You might be wondering why I'm unwilling to broadcast the locations, especially if you live outside Scotland or the "UK". Unfortunately, through a mix of abuse and intolerance, off road riding, especially in Scotland is thought of as a no go. It can still be done though, if you know who to ask......
Young families and other commitments meant a longer autumn Winton Massif trip wasn't on the cards, we did however plan two weekend trips. The fist was a three night affair starting at the secret bothy (mind, if you know where it is, keep it a secret.) Aidan and I met Drew and Mark who walked in, led by Finn the spaniel. We always make sure we bring plenty fuel for the fire and Drew and Mark had done the same. A night in front of a bothy fire is something everyone should experience once in their lives, they're remote nature also let you experience proper quiet. All we could hear outside were the stags and the river. It wasn't a particularly cold evening and the bothy's fire had led us to pen the door for a bit to let the place cool down. We were pretty surprised to have our card game interrupted by two women who walked in about 10.30pm. No matter how many people are in a bothy, there's always room for more and the door is never locked. The ladies were welcomed in and offered beers. They were doing some walking in the area, staying in the bothy for a couple of nights, luckily the bothy has a couple of rooms so they didn't have to suffer us lot farting and snoring all night.
We awoke to a stunning day. We all said our goodbyes to the walkers who headed to the hills while we split our separate ways. Aidan and I made our way to the A82 and took the roar up the east side of Loch Ness. This is a much quieter route that the tour bus and caravan clogged artery on the other side, it's got some great views too. We'd originally planned to head over to the Isle of Raasay, we'd tried a couple of years ago on the Spit The Dummy tour but it absolutely pissed it down, so we binned the wild camping in favour of a site with a shelter. This time it was, well, time that had us a bit fucked. Aidan was riding home the next day and the long run from Raasay wasn't favouring as well as the shorter cruise from Cannich, our mates Ben and Euan were also at Cannich. So once again wild camping on Rassay was binned, but this time for the better reason of good company rather than shite weather.
In the bothy Aidan had cooked us a dinner of Carbonara (with cream and no eggs, the heathen) and tonight it was my turn. While Euan and Ben were in the pub having a home made meal. I was slaving over my stove preparing our food. Boil in the bag pasta and meatballs tanned, we headed to the pub and discussed the following days plans. Euan and I had planned to camp at Glencoe, but Ben had been worriedly checking the weather forecast and it wasn't looking good. When it's rains in Glencoe, it really rains.......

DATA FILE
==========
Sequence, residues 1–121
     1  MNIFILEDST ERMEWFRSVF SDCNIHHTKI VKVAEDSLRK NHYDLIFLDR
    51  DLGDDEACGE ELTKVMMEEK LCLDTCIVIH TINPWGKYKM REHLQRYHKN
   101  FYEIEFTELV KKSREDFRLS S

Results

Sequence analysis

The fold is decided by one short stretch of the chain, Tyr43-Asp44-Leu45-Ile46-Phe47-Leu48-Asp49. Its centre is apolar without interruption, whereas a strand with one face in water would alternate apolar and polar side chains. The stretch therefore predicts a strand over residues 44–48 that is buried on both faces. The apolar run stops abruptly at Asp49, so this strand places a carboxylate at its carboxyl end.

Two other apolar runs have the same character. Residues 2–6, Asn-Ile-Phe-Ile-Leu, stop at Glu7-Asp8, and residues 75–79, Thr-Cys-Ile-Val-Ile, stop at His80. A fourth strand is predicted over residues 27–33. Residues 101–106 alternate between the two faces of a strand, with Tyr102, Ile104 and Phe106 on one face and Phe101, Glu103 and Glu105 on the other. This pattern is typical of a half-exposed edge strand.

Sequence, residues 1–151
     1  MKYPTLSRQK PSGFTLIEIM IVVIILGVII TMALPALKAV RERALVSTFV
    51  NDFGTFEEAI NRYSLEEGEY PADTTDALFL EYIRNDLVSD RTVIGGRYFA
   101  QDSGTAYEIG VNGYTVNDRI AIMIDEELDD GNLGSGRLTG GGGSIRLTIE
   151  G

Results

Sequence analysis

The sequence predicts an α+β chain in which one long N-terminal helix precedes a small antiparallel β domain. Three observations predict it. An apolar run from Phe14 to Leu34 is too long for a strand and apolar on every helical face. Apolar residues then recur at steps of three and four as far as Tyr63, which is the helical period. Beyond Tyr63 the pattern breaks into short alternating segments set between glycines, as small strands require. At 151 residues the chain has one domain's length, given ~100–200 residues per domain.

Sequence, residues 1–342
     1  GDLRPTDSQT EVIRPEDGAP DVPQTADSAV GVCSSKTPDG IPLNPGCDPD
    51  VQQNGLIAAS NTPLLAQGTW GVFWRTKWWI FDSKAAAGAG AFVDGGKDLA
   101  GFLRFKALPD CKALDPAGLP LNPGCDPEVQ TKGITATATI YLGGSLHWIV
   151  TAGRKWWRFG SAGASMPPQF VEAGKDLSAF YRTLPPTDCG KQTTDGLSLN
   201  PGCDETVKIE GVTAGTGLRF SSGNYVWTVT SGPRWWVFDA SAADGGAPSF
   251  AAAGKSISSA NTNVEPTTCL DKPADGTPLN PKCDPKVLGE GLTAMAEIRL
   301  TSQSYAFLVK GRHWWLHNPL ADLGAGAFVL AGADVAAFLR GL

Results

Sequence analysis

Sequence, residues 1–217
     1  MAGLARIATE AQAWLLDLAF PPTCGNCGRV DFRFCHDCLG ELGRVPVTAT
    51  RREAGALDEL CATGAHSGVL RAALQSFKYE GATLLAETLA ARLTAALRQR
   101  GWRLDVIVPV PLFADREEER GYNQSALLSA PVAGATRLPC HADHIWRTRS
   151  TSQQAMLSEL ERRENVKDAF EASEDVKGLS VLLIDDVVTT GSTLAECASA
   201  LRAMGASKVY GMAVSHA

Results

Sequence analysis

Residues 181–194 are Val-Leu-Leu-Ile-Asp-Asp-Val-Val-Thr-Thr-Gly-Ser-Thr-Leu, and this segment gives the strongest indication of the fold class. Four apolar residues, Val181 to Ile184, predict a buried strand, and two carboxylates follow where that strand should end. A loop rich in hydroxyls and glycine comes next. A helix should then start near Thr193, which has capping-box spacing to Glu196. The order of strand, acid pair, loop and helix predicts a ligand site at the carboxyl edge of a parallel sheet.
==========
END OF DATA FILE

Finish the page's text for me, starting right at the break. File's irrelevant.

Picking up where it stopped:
We'll check it again tomorrow.
Over breakfast we discussed our options. Aidan was definitely going home, as was Ben. Euan said he was going home but could maybe be persuaded to have another night somewhere and I was going somewhere. Aidan packed up and headed off while the rest of us dragged our heels and Euan chucked his bike on the ground. After we quickly checked Euan's bike (no damage at all, it was on soft grass) we headed back to Loch Ness and south on the A82. I found the busy road surprisingly quiet and enjoyed my run south. It's a great road, just very busy. It's a special feeling when you get a few miles to yourself, even with the slightly damp conditions we had on our ride. Damp was as bad as it got. At the Commando Memorial Euan pulled over. He wasn't heading home. Two of us were now heading to Glencoe. We both looked at Ben.
"We'll need to stop at the shop for some beer and stuff"
"We'll need to stop at the shop for some beer and stuff"
I've not been to the Red Squirrel for years. The popular campsite is situated between Glencoe village and the Clachaig Inn. To be honest, there's much better campsites around than the Red Squirrel. The ground is rocky and there's roots everywhere. The ground is muddy and often swampy in some places and it's pretty expensive for a campsite, but there's something people love about the place, me included. Deer roam about the site, you can have a campfire and you get drinking water out of taps in trees. If you're planning a visit to the Red Squirrel I'd recommend going mid week or on a Sunday like we did. Much less chance of it being full of the Buckfast and Football Top brigade,
Being a September Sunday the campsite was pretty quiet but as we scavenged around the other fire pits for wood it was pretty obvious it had been busy the night before. We found quite a bit of firewood to go with the logs we bought from the shop, and Ben gathered more semi wet wood lying about the place. Eventually the downpour that was forecast arrived, but luckily Ben had brought his tarp so a shelter was quickly thrown up, the wettish wood giving us a smokey shield against the midges.
After a while we wandered along to the Clachaig for some food. You're always guaranteed a good night out in the Clachaig, meeting people from all walks of life and sampling some of the huge selection of beers, whisky and gin. The food's pretty good too.
The following morning's fry up us saw us fully fueled for the ride home. No matter how busy it is, the road through Glencoe is a joy to ride. The scenery is spectacular in all weather, even when the tops of the hills are hidden in cloud like they were. Further south though it's no so good so we cut off the A82 at Killin and I led the guys along the side of Loch Tay then over some of the wee, single track roads I know in the area.
A couple of weeks later I was away again! But I'll tell you about that later.
These short weekend trips are great.......
Like what you see? If you want to join Mike on a tour of Scotland give him a shout at www.PassingPlacesTours.com